Burbage valley is 8km north-west of Sheffield. The valley is drained by Burbage brook, a tributary of the R. Derwent. The valley has been carved through two different types of rock - 'millstone grit' and 'shale'. Within this small area we can explore the range of factors which affect the work of rivers.


Burbage brook rises on a moorland plateau. Beneath the surface are impermeable gritstone rocks, so this moorland is very wet. The poor drainage means that vegetation does not rot easily, and a layer of peat has formed over the surface.


In the upper valley the concave slopes are formed with millstone grit at the top and shale beneath. Around the 'rim' of the valley is a crag of millstone grit known locally as an 'edge'. Millstone grit is a resistant rock which has distinctive bedding and jointing planes. Frost shattering in the 'ice age' expanded these cracks and divided the rock into blocks. Some of the blocks of weathered rock have tumbled from the crags, and rolled or slid down the slopes. This is called mass movement.


In most of the valley Shale is the rock which forms the valley floor. It is a soft rock, with numerous thin beds. It is easily broken by weathering and easily eroded by the river. It is impermeable and the waterlogged beds of shale are likely to cause landslides. In this view we see the orange colouring in the water which tells us that the shale is being chemically weathered, and the iron compounds are being washed into the river.


In the upper part of the valley the river flows over resistant beds of gritstone, The bed of the stream is steep, making it fast-flowing. The energy of the fast flowing water allows it to transport large boulders (in times of flood) as 'bedload'. At this point the valley sides are steep and the floor of the valley is narrow. Boulders are tumbled down the steep sides of the valley by Mass Movement.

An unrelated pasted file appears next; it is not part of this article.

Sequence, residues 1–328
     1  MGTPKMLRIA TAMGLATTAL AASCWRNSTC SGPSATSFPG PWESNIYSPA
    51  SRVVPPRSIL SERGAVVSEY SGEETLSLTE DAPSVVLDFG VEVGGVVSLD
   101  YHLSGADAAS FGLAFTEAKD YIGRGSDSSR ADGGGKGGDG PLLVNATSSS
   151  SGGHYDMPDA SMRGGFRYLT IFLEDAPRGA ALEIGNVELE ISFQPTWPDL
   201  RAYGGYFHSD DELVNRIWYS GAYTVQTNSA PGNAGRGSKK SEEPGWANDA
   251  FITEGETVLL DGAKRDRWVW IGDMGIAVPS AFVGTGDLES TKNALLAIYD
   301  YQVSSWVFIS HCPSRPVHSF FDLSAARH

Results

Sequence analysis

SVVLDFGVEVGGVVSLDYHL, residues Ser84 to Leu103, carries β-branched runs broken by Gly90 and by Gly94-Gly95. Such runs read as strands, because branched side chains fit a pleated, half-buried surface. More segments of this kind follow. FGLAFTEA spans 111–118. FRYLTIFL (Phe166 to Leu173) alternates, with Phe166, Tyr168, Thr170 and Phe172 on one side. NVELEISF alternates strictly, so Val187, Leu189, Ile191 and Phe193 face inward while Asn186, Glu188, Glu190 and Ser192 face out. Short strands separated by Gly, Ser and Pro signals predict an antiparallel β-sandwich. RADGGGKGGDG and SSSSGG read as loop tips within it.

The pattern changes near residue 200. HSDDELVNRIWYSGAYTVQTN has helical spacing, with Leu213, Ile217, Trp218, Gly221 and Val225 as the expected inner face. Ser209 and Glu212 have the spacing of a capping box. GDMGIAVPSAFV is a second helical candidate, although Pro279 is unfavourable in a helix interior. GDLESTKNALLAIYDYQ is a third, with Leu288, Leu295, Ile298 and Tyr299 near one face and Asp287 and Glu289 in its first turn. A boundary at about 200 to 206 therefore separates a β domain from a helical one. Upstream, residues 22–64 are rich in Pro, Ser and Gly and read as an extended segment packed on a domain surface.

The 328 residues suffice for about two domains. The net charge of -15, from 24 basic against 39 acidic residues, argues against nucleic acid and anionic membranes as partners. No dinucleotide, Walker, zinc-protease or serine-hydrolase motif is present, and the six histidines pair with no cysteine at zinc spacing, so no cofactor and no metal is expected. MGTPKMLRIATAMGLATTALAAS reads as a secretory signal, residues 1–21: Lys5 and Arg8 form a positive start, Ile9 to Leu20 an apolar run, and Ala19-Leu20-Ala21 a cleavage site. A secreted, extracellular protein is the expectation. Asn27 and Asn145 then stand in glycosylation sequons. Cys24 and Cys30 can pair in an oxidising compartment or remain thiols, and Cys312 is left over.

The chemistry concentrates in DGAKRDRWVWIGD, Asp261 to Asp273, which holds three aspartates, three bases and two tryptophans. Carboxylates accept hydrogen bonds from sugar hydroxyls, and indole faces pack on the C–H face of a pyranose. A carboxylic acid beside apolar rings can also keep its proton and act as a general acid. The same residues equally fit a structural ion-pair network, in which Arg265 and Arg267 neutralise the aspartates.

In the central part of the valley, the width increases. The valley 'opens out'. The skyline is still dominated by gritstone capped hills. The shale beneath has been smoothed and the angle of the valley sides reduced. Coniferous woodland has been planted in this part of the valley. Elsewhere the rough grazing, of coarse grass and bracken, is food for a few sheep. This area is not economically favourable for farming.


In the middle section of the valley the river meanders. At the outside of the bends the river undercuts the hillside and landslides occur(see below), bringing rock and soil debris into the river. At the inside of the bend is a flatter area, built up over time by deposition.


Here we see how open the middle section of the valley has become. In the distance the plateau of Burbage Edge is fringed with cliffs, formed of resistant millsone grit. The slopes beneath the 'edges' are littered with gritstone blocks which are being carried downhill by mass movement. Weathered shale has been formed into soil, which has become vegetated. Close to the river are steeper slopes created by landslides.


The flat topped hill called Higger Tor lies to the west of the valley. Notice the difference in slope angle between the resistant gritstone and the less resistant shale. Notice also the rough vegetation which grows on the poor badly drained soils.


This is 'Toads Mouth bridge' which carries the main road across Burbage brook. Downstream from the bridge the valley opens out even more.


In the lower section of the valley the river is wider, and contains more water. The gradient of the bed is gentler. The valley sides are gentler. Soils are deeper and better developed so the grass is better. Mixed woodland is the natural vegetation of this area.

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